Progress in Understanding Degradation Mechanisms and Improving Stability in Organic Photovoltaics


Mateker, William R.
McGehee, Michael D.

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Understanding the degradation mechanisms of organic photovoltaics is particularly important, as they tend to degrade faster than their inorganic counterparts, such as silicon and cadmium telluride. An overview is provided here of the main degradation mechanisms that researchers have identified so far that cause extrinsic degradation from oxygen and water, intrinsic degradation in the dark, and photo-induced burn-in. In addition, it provides methods for researchers to identify these mechanisms in new materials and device structures to screen them more quickly for promising long-term performance. These general strategies will likely be helpful in other photovoltaic technologies that suffer from insufficient stability, such as perovskite solar cells. Finally, the most promising lifetime results are highlighted and recommendations to improve long-term performance are made. To prevent degradation from oxygen and water for sufficiently long time periods, OPVs will likely need to be encapsulated by barrier materials with lower permeation rates of oxygen and water than typical flexible substrate materials. To improve stability at operating temperatures, materials will likely require glass transition temperatures above 100 °C. Methods to prevent photo-induced burn-in are least understood, but recent research indicates that using pure materials with dense and ordered film morphologies can reduce the burn-in effect.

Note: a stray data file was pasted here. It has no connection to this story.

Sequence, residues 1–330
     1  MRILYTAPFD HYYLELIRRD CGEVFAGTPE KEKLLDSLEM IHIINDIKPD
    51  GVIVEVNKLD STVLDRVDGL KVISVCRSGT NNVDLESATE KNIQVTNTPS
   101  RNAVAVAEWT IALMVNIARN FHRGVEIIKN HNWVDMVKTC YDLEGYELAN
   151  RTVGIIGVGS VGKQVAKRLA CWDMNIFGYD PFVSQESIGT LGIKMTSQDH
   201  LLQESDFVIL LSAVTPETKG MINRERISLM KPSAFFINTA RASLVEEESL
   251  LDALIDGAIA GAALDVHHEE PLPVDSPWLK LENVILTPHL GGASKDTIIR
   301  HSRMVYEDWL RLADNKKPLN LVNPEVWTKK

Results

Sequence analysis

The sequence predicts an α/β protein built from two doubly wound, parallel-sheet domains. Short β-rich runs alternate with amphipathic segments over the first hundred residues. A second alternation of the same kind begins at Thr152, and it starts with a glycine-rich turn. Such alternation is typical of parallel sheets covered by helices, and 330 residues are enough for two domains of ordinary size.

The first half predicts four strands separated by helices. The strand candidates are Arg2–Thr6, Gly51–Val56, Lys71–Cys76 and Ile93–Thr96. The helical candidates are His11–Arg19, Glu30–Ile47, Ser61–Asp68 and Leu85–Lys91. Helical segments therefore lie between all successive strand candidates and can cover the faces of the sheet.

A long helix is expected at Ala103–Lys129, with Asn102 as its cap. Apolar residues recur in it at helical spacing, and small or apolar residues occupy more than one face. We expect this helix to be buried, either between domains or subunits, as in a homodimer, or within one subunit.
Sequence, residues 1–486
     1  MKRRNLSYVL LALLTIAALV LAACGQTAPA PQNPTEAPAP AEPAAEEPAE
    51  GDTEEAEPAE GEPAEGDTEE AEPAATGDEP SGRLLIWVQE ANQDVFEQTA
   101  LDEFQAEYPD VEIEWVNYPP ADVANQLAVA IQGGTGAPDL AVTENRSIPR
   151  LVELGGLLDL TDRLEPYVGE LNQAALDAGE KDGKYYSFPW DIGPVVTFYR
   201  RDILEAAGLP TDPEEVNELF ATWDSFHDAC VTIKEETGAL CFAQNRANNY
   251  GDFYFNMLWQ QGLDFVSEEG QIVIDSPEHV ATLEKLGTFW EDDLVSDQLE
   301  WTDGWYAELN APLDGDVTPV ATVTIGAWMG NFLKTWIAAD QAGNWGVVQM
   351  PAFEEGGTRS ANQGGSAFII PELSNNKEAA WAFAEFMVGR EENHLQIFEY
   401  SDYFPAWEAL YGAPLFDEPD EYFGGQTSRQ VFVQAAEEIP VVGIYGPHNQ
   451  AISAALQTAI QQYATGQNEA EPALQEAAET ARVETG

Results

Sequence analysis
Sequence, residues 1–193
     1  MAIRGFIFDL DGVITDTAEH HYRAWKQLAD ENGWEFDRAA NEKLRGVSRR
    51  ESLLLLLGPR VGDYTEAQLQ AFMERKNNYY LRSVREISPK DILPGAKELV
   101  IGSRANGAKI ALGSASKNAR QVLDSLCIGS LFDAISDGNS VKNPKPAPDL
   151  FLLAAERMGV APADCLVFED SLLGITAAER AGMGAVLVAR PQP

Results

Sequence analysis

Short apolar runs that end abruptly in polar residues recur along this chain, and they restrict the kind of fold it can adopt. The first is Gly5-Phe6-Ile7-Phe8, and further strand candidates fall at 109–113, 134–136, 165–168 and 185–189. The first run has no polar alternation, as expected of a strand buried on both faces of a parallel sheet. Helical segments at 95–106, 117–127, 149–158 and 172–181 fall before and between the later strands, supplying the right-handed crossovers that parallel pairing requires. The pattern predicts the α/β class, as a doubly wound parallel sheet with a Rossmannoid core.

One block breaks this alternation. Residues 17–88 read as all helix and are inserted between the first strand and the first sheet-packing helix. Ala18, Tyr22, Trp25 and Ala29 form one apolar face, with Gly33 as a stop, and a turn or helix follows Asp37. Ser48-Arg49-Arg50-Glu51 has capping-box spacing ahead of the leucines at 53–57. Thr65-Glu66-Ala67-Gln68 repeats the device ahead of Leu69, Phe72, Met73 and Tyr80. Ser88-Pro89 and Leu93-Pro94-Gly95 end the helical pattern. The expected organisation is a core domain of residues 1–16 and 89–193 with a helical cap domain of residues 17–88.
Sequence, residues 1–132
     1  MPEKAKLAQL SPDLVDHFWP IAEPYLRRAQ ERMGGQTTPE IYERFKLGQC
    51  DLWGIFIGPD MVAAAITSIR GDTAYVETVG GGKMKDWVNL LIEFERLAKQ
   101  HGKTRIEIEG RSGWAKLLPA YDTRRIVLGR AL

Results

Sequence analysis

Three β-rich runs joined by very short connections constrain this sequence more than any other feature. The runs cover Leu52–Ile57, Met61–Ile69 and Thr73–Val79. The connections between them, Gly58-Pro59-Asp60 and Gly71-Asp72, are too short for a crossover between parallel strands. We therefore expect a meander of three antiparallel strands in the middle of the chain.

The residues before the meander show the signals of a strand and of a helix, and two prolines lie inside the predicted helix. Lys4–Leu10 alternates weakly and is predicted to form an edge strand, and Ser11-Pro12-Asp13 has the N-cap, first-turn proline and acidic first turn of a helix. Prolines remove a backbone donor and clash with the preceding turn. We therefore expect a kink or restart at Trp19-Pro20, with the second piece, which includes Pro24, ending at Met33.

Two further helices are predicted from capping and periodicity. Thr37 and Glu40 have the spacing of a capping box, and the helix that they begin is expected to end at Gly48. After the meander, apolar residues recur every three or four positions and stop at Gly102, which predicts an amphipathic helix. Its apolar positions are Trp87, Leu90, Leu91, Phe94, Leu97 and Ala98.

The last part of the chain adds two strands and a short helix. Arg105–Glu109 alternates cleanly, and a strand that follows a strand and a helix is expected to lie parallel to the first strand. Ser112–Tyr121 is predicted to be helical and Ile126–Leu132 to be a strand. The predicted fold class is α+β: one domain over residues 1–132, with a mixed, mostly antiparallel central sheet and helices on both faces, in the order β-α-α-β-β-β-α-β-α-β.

Mateker WR, McGehee MD (2016) Progress in Understanding Degradation Mechanisms and Improving Stability in Organic Photovoltaics. Advanced Materials 29: 1603940. Available:

The authors would like to thank Craig Peters, Toby Sachs-Quintana, Thomas Heumueller, Rongrong Cheacharoen, Christopher Bruner, Stephanie Dupont, and Professor Reinhold Dauskardt for insight and discussion on this topic over the years. The authors also acknowledge funding from the Office of Naval Research Award No. N00014-14-1-0580 and N00014-14-1-0280 and the King Abdullah University of Science and Technology.


Advanced Materials


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